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Read the text and answer the question: What are the most important trends in the development of the British economy?




Economy of the United Kingdom

The United Kingdom has the fourth-largest economy in the world, is the second-largest economy in the European Union, and is a major


international trading power. With a population representing only 2 per cent of the world total, it is one of the largest trading nations in the world, providing about 10 per cent of world exports of manu­factured goods.

The British were the first in the world to enter the Industrial Revolution, and, like most industrialising countries at the time, initially concentrated on heavy industries such as shipbuilding, coal mining, steel production, and textiles. The empire created an overseas market for British products, allowing the United Kingdom to dominate international trade in the 19th century. However, as other nations industrialised and surplus labour from agriculture began to dry up, the United Kingdom began to lose its economic advantage. As a result, heavy industry declined, by degrees, throughout the 20th century. The British service sector, however, has grown substantially, and now makes up about 70% of GDP.

The service sector of the United Kingdom is dominated by financial services, especially in banking and insurance. The heart of these activities is the city of London although there are other important centres in several large cities. The City contains probably the greatest concentration of financial expertise in the world. The London Stock Exchange, with its vast experience and world wide network of communications, is one of the world's markets in securities. Other important financial institutions in the City include the Bank of England as well as hundreds of commercial banks, British and foreign, and several large international commodity markets, for example for metals, rubber, grain, cocoa, coffee and tea.

Tourism is very important to the British economy. With over 27 mil­lion tourists a year, the United Kingdom is ranked as the sixth major tourist destination in the world.

The British manufacturing sector, however, has greatly diminished since World War II. The global downturn and the high value of the pound hurt manufacturing and exports. Although there is a steady decline in the importance of the manufacturing industry to the British economy, the sector is still important for overseas trade, accounting for more than 80 % of exports.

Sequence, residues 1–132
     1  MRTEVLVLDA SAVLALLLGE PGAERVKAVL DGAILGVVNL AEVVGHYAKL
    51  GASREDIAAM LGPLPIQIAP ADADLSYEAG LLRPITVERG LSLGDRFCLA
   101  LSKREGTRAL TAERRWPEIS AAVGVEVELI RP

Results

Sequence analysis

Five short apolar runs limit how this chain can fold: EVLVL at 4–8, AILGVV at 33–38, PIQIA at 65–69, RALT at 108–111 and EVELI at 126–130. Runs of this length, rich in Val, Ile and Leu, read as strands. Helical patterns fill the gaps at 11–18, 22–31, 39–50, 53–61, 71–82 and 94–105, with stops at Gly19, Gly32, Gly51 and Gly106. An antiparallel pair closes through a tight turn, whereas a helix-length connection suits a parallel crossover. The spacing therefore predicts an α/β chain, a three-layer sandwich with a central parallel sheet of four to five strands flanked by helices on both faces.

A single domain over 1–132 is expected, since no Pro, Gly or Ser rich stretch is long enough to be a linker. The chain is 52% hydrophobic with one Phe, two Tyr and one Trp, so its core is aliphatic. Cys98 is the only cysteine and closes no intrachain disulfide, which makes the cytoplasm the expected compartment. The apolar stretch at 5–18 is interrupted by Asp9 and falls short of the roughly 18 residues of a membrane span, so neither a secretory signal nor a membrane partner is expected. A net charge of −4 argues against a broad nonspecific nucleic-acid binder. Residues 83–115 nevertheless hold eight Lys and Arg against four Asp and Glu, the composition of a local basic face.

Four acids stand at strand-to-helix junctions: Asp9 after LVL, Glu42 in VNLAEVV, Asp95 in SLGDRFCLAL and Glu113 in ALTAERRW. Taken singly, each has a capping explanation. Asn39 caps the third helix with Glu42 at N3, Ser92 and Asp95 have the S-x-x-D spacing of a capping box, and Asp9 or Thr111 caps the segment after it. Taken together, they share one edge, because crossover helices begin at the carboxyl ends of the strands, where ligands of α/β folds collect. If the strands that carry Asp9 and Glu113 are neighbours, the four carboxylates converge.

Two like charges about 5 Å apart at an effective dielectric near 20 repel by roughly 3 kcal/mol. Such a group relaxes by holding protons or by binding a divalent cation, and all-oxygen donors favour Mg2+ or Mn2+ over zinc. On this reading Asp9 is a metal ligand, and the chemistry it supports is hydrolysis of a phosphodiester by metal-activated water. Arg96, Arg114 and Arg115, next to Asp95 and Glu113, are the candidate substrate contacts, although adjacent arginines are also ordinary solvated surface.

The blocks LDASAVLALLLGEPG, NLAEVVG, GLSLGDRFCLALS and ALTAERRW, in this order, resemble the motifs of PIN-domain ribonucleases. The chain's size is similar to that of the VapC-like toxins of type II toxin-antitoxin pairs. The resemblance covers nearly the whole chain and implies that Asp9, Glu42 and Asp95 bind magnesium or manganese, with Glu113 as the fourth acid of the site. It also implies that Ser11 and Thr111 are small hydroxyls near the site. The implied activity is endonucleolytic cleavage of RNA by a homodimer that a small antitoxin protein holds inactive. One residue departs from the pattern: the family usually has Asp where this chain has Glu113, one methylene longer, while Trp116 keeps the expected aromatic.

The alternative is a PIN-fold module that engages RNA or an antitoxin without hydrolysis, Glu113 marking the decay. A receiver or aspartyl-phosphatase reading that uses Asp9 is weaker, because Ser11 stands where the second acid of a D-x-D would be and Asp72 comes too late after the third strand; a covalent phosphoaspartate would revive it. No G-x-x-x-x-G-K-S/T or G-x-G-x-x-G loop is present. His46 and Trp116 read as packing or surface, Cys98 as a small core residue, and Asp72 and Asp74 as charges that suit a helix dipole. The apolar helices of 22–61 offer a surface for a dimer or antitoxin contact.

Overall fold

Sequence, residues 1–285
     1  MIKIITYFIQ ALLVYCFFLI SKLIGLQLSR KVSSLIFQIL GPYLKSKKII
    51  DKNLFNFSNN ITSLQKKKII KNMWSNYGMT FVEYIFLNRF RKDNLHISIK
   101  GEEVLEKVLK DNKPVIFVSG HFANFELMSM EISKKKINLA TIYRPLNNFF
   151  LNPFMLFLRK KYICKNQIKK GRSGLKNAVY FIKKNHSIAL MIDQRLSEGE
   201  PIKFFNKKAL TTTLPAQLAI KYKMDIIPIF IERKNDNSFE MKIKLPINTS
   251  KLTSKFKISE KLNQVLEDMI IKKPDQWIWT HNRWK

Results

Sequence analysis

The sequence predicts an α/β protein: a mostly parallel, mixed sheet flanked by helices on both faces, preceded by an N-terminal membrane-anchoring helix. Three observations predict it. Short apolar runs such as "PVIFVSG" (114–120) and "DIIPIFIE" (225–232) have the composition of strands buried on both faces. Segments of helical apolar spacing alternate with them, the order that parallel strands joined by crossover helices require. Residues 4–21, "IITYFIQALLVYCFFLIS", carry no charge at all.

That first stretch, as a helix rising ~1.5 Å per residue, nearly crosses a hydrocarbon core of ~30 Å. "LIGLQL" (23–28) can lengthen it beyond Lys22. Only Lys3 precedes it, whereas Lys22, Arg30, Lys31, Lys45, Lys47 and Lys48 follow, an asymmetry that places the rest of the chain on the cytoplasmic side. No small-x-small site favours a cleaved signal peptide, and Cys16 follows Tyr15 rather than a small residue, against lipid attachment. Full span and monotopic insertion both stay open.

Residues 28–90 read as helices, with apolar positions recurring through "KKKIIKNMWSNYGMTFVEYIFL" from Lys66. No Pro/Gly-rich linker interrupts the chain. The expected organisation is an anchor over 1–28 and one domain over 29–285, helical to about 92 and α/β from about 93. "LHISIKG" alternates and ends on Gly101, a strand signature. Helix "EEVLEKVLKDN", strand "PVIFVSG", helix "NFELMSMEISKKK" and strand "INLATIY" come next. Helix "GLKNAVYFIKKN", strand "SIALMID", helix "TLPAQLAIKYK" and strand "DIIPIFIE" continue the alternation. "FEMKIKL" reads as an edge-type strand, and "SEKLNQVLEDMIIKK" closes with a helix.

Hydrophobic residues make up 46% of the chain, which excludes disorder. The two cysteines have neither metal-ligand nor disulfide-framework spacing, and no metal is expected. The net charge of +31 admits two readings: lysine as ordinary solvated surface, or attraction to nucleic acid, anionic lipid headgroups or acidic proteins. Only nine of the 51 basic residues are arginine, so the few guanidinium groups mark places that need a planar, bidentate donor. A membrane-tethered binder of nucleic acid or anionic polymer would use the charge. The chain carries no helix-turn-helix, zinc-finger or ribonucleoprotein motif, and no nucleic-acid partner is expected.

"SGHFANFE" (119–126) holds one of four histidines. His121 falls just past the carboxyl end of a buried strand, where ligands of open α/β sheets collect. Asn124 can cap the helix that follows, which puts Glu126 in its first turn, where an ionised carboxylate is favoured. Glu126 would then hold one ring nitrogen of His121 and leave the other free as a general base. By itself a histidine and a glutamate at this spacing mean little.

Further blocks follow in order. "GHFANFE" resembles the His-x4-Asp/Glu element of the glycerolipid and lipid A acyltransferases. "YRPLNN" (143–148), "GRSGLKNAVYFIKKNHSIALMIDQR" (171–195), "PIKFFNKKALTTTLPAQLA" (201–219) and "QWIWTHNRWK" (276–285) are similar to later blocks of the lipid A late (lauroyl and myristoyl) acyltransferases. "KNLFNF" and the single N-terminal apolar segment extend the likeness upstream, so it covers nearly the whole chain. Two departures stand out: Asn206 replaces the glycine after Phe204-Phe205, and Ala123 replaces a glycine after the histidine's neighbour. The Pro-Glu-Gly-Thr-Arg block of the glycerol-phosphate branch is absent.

Engineering and allied industries comprise the single largest sector in the manufacturing industry. Within this sector, transport equipment was the largest contributor, with 8 global car manufacturers being

4 Зак. 541


present in the UK — BMW, Ford, General Motors, Honda, Nissan, PSA, Toyota and Volkswagen. A range of companies (like Brush Traction) manufacture railway locomotives and other related components. Associated with this sector are the aerospace and defence equipment industries. Another important component of engineering and allied industries is electronics, audio and optical equipment, with the UK having a broad base of domestic firms like Amstrad, Alba, ARM, etc. Chemicals and chemical-based products are another important contributor to the UK's manufacturing base. Within this sector, the pharmaceutical industry is particularly successful. Other important sectors of the manufacturing industry include food, drink, tobacco, paper, printing, publishing and textiles.

Agriculture is intensive, highly mechanised, and efficient by European standards, producing about 60% of food needs with less than 2% of the labour force. It contributes around 2% of GDP. Around two thirds of production is devoted to livestock, one third to arable crops. The main crops that are grown are wheat, barley, oats, potatoes, sugar beets, fruits and vegetables. The livestock which are raised are cattle and sheep. Agriculture is heavily subsidised by the European Union's Common Agricultural Policy.



The UK is one of the world's leading fishing nations. Its fleets bring home fish of every kind, ranging from sole to herring.

After the national economy of Britain joined the European Economic Community, its foreign trade has substantially expanded. Britain imports huge quantities of primary products and exports about a third of its manufactured goods. Although entry into the Common Market was supposed to be the way to re-vitalize the British economy, it has not. Europe sells more to Britain than it buys from her. A lot of economic problems of Britain can be explained by the fact that British productivity lags behind that of Japan or the US. The main trade partners of Britain are other developed countries — Germany, the USA, Japan, France, and some other.

Pronunciation

A. The word "increase" can be a noun or a verb. The stress falls on the first syllable if it is a noun and the second syllable if it is a verb.


We need an increase in output. We need to increase our output.

Here are some more words that follow this pattern. Try saying each word twice. Change the stress each time.

decrease import export

progress record refund





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